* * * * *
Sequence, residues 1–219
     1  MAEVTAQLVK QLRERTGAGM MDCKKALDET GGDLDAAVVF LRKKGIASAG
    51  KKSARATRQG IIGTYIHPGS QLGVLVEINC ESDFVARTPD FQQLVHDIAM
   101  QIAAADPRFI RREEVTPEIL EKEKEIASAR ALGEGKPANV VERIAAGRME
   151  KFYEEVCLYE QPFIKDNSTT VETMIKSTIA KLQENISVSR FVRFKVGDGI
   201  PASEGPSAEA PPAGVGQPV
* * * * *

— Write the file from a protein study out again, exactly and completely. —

Sequence, residues 1–219
     1  MAEVTAQLVK QLRERTGAGM MDCKKALDET GGDLDAAVVF LRKKGIASAG
    51  KKSARATRQG IIGTYIHPGS QLGVLVEINC ESDFVARTPD FQQLVHDIAM
   101  QIAAADPRFI RREEVTPEIL EKEKEIASAR ALGEGKPANV VERIAAGRME
   151  KFYEEVCLYE QPFIKDNSTT VETMIKSTIA KLQENISVSR FVRFKVGDGI
   201  PASEGPSAEA PPAGVGQPV